1. I suppose the fact that there *is* more to Shakespeare than naughty jokes and innuendo was part of why Mr Bowdler wanted to make it so accessible - so that people could enjoy the beautiful language, riveting drama ... and violence, of course ... always lots of violence in Shakespeare.

      Delete
  3. I think censorship is an outrage. If anyone was to bowdlerize my comments I'd [ be ever so sightly miffed and I would politely let my feelings on the editors choice of alterations be known in a mild and friendly manner ] and then I'd take his comments and [ place them out of sight of the general public ].

    I'm sure if Shakespeare had seen his work tampered with in the name of moral uprightness he'd tell the Bowdlers to [ perhaps take a gentle stroll elsewhere ].

    ReplyDelete
    Replies
    1. Yes, but you're outraged at everything. You are, after all, the Angry Nerd.

      You make a good point, though, and I concede that Shakespeare would have been horrified at his eloquently penned smut being bowdlerized for the sake of Georgian sensibility.

      Delete
    2. Dear angry nerd.

      I have a briefcase and I've forgotten the 3-digit combination to the left side lock. The right side combination is 007 if that helps.

      I'm confident you have the anger needed to open my briefcase.

      There is also this phone-repair manager you might assist me with.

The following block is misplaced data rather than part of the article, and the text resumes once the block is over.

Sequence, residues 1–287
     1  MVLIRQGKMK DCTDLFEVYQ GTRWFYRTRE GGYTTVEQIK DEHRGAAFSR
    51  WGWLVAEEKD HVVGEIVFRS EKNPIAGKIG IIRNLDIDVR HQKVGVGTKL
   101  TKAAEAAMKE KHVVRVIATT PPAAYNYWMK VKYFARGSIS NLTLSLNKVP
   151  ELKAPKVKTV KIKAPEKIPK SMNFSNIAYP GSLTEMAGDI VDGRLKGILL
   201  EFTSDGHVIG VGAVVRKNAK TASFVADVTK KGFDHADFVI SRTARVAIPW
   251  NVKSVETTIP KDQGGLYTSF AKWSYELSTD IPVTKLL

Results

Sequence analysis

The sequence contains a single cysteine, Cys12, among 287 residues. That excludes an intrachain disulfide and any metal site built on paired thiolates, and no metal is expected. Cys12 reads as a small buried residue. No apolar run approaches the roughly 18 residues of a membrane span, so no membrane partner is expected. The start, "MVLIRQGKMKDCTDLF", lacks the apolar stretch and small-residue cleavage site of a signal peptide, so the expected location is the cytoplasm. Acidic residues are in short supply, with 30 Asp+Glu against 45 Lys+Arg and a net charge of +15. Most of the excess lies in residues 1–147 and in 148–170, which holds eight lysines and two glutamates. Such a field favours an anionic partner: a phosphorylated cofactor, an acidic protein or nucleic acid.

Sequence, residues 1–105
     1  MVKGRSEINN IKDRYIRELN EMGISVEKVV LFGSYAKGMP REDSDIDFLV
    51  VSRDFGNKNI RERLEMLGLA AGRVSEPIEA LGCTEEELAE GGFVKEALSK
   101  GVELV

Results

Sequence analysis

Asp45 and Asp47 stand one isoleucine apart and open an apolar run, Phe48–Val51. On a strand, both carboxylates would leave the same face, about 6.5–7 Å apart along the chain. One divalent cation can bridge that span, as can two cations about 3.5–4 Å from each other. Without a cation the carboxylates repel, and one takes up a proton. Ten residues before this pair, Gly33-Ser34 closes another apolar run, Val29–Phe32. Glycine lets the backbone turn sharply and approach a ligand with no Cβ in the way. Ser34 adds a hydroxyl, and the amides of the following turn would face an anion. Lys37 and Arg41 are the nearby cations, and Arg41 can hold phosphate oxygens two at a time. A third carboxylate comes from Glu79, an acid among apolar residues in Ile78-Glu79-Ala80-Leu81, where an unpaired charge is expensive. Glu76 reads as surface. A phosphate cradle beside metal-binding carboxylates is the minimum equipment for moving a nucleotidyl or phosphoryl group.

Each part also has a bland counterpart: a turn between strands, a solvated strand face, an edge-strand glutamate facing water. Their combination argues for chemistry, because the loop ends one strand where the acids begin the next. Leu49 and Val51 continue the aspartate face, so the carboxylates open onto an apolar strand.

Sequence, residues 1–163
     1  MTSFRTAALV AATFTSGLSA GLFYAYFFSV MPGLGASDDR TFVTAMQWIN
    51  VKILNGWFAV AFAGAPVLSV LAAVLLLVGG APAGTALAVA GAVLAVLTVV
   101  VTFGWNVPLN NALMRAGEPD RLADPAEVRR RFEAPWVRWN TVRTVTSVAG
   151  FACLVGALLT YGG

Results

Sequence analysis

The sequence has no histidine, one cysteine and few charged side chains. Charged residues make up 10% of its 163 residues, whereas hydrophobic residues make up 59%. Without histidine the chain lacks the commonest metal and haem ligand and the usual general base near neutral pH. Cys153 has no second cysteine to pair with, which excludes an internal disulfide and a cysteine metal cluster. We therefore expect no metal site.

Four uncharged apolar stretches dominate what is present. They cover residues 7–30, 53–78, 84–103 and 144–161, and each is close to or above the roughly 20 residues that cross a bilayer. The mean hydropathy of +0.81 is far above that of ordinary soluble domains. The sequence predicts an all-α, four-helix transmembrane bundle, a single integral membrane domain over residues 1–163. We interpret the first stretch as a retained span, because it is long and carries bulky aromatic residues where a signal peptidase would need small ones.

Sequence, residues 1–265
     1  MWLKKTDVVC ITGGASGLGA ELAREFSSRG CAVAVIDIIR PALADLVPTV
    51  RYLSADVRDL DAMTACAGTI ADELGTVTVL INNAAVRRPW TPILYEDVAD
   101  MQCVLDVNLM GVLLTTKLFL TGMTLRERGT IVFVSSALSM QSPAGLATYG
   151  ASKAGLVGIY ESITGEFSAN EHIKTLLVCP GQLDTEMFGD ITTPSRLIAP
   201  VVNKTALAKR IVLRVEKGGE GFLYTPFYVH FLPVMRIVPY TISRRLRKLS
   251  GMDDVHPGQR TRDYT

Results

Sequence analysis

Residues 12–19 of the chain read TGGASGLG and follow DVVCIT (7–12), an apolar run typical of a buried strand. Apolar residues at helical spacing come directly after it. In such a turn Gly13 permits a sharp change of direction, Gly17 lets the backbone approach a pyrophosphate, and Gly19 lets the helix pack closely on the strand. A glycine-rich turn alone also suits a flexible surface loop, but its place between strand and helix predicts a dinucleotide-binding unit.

Please also restore Shakespeare to the tawdry cesspool I believe it once was. Research suggests he included far more fart jokes than the modern texts acquiesce to include.

      Yours hopefully,


      clueless.

      Delete
  4. My only problem with this whole Thomas Bowdler, is that if someone does choose to bowdlerize something, they should do it themselves. I feel very sympathetic to this Henrietta, the poor underaknowledged neice that goes through life bossed about by her uncle, practically doing his literary work for him. Chlobo.

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    Replies
    1. Chlobo, I violently agree.

      -clueless' miserably oppressed neice.

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    2. Can't handle it no more!
      Nope, I can't.
      Sorry, the word is niece for gosh sakes!
      Handle it!

      Delete
    3. Well, Chlobo ... I think perhaps you're being a bit hard on Mr Bowdler. As far as I can tell, there's no evidence that he did boss around his darling neice (just kidding Jingles!) ... *niece* ... after all, perhaps it was her that approached him: "Uncle, I would like to print a clean version of Shakespeare, but Georgian sensibilities being what they are, I can't admit to getting all the willy jokes. Will you take this on for me please?"

      Delete
  5. Could someone come up with a better rule than 'i before e except after c..... except neighbor, feign, beige, seismic, and most of the other words.....' ?

    And jingles, please don't censor me - it's not very neice.

    -c

    ReplyDelete
    Replies
    1. It's not a rule at all - "I before E except after C" doesn't work. We all just need to spell correctly.

      Delete
  6. I think you'll find it's 'spel corectly' ed, you umbecile.

    -c

    ReplyDelete
  7. I don't like any form of censorship and that includes having simplified versions or terms adapted in order to "help"... if you can't read or listen something move to the end of the line or never mind.
    And I know that simplifying doesn't mean people will end up reading, listening or even caring more. On the contraire... so, at least, leave the Works of Art in Peace... I went to Louvre and couldn't understand why some statues were castrated until my son explained it to me and though I appreciate the thought "thank you but no thanks" (and I bet the statues are with me on this). So many things are shocking that if we go around bowdlerizing everything...